The Quiet Crocodile
Natacha Andriamirado and Delphine Renon
Princeton Architectural Press
Fossil the crocodile is a lover of peace and quiet, preferring to be alone and away from hustle and bustle. He has however, a ‘few friends’ so we’re told although the endpapers in particular, belie this: some two dozen named pals large and small, (each with a colour-coded dot so we can keep track of them) line up thereon, seemingly ready to move.
And move is just what they do, one by one, across the pages of the book and find a place upon Fossil’s back until he resembles first an outsized sofa and then a climbing frame or a circus balancing act as the animals pile precariously up on his length.
All the while Fossil has a large grin on his face and despite our being assured that ‘He’s afraid of scaring his friends’ sceptical readers may be beginning to doubt that.
Things take something of a turn textually however when our narrator informs, ‘… as everybody knows, they’re fierce. Even in books!’ Hmm!
Are all his friends right in issuing that “Come and play with us!” invitation? And did anything accompany that hat of Piggy’s into his grinning mouth?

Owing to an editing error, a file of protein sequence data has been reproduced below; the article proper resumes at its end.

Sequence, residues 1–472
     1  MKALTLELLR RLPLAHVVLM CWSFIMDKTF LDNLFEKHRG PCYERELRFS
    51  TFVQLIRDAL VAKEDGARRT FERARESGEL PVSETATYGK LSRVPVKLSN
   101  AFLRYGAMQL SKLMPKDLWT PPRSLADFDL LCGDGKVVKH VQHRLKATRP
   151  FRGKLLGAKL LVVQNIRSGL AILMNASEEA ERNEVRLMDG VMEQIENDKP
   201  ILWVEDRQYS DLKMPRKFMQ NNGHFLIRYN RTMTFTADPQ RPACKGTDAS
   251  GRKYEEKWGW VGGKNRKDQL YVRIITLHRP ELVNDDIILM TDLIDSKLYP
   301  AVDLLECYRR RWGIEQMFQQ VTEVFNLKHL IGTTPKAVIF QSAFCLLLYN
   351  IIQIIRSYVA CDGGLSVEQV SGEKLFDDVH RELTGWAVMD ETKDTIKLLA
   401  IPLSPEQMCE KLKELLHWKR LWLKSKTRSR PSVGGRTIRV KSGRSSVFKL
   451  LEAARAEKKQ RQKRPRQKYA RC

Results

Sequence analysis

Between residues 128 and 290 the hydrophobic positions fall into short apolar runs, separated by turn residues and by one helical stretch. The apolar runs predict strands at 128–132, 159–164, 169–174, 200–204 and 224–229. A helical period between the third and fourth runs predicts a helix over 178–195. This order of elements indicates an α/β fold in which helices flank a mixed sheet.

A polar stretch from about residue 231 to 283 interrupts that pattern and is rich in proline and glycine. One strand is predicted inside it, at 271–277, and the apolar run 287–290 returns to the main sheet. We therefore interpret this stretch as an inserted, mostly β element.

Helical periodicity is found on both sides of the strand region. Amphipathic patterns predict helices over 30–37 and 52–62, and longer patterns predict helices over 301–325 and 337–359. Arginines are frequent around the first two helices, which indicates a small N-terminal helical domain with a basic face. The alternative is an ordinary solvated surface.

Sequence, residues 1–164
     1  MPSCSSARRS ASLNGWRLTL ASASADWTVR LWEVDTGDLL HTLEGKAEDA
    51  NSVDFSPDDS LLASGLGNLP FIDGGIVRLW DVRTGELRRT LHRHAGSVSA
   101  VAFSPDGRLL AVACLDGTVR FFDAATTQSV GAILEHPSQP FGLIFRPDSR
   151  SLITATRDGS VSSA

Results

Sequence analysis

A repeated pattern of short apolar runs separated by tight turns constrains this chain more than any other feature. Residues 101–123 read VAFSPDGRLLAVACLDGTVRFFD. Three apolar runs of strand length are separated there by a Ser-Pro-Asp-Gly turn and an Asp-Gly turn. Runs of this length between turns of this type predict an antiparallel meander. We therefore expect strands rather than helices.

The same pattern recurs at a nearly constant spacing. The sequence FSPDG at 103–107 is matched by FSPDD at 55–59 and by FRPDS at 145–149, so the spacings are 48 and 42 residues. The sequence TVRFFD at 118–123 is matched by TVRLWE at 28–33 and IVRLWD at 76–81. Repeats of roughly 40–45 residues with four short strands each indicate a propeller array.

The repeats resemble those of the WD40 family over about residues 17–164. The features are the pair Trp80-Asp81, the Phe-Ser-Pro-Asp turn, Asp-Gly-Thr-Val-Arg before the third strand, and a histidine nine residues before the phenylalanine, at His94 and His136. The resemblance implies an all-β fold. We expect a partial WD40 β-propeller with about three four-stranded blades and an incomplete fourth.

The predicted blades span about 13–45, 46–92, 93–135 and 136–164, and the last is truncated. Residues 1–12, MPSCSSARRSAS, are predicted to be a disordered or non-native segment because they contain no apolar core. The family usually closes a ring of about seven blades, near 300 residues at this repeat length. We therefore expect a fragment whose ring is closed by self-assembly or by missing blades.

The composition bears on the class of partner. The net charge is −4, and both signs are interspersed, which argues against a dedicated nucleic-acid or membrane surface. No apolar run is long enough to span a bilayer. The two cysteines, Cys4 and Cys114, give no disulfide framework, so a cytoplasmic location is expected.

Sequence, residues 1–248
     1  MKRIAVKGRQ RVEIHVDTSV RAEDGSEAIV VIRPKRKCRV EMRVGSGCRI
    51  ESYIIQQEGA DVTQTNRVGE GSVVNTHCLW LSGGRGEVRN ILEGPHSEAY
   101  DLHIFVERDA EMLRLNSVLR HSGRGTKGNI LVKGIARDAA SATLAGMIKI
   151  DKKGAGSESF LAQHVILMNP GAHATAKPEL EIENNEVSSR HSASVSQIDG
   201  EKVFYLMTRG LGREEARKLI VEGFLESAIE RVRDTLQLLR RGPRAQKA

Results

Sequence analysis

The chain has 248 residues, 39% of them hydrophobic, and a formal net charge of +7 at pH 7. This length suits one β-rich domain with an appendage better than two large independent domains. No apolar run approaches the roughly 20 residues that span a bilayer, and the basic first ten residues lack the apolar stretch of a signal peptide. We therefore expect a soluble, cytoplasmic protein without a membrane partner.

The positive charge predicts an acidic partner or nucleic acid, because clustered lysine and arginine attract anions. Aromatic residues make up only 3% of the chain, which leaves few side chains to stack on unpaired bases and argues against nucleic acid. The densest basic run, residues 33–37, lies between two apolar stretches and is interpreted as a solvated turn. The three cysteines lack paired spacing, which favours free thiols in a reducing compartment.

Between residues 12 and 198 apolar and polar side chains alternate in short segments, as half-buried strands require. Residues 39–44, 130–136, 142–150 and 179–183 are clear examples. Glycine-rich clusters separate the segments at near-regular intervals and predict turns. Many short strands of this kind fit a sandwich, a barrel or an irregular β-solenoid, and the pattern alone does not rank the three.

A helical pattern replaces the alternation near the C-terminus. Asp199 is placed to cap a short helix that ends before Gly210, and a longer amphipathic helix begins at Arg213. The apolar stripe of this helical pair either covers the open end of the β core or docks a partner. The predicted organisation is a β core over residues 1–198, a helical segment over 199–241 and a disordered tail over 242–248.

Surely he’d never even consider eating any of his friends, or would he?
Irony and wry humour abound in Andriamirado’s text which, accompanied by Renon’s stylised illustrations of intricately detailed animal characters, is likely to please those with a penchant for the quirky and open-ended.
Hey Willy, See the Pyramids
New York Review of Books
This is a re-issue of an early Kalman book and quirky it surely is.
Young Alexander has trouble falling asleep and asks his elder sister Lulu to tell him stories: a million are requested but she agrees to five and ends up by telling eleven. They’re all very short – flash fiction really – and therein she mixes the familiar with the downright bizarre and surreal.
One tells of a dog that wants to live in Paris and be a poet; another features a green-faced scientist.
There are crazy parties and fish flying into the sky.
Punctuating the stories, in white lettering printed on black, are brief conversations between sister and brother further adding to the overall strangeness of the book.
Maira Kalman has, seemingly, plumbed the depths of her imagination for both narrative and illustrations of this far out offering. It’s not for the very young, certainly not everyone’s cup of tea, but worth a look if you’re into the highly unusual in picture books.